[[table_of_contents#understanding in literature]]
here, i suggest an approach between pragmatic (what is the purpose, but not from a moral point of view) and objective (close reading)
koan The style of writing of Zen texts has been influenced by “a variety of east Asian literary games”:
## gregory castle - the literary theory handbook
theory is a way of thinking, combining ideas and concepts meaningfully. it’s either deductive (from instances to concepts), or inductive (from concept to instances). literary theory is trying to get at the life of literature, because literature is always about life. literature often uses connotation (subtle suggestion) rather than denotation.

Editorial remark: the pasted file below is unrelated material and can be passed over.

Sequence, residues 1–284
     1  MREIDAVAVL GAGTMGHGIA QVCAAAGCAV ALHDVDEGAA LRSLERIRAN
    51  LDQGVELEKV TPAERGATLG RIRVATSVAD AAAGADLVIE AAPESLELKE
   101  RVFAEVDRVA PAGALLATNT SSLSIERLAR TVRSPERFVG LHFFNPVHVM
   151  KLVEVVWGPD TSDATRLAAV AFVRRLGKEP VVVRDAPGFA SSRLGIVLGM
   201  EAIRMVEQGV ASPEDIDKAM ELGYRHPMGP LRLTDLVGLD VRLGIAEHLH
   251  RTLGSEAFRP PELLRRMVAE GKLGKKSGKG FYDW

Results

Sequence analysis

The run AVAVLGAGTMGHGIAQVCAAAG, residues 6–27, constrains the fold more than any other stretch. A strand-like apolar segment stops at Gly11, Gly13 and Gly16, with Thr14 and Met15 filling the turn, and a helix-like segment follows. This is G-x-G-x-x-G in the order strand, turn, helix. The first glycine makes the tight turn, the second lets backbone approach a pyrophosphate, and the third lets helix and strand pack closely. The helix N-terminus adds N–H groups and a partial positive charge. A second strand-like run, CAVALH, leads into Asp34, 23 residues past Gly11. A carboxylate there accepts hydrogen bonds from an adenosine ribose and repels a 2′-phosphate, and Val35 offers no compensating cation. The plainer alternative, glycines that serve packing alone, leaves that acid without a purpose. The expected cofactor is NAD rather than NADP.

literary theory is plagued by the idea of autonomy, the idea that it functions on its own (kant, etc.). is good literature a function of style and form? or a function of social and political ideals?
literature is pleasure derived from innovation, creativity, the love of language and its exuberant use. so literature might be the form that engages with life through exciting/mind-challenging/satisfying use of language.
Wolfgang Iser: literature is an anthropological investigation, complementary to science and philosophy. Interpreting that literature, then, is raising questions about it. (he’s from reader-response theory) [[simondon_mode_existence_objets_techniques]] -lien avec l’esthétique comme connexion entre tech et religion
traditionally, started with mimesis and poetics (greeks)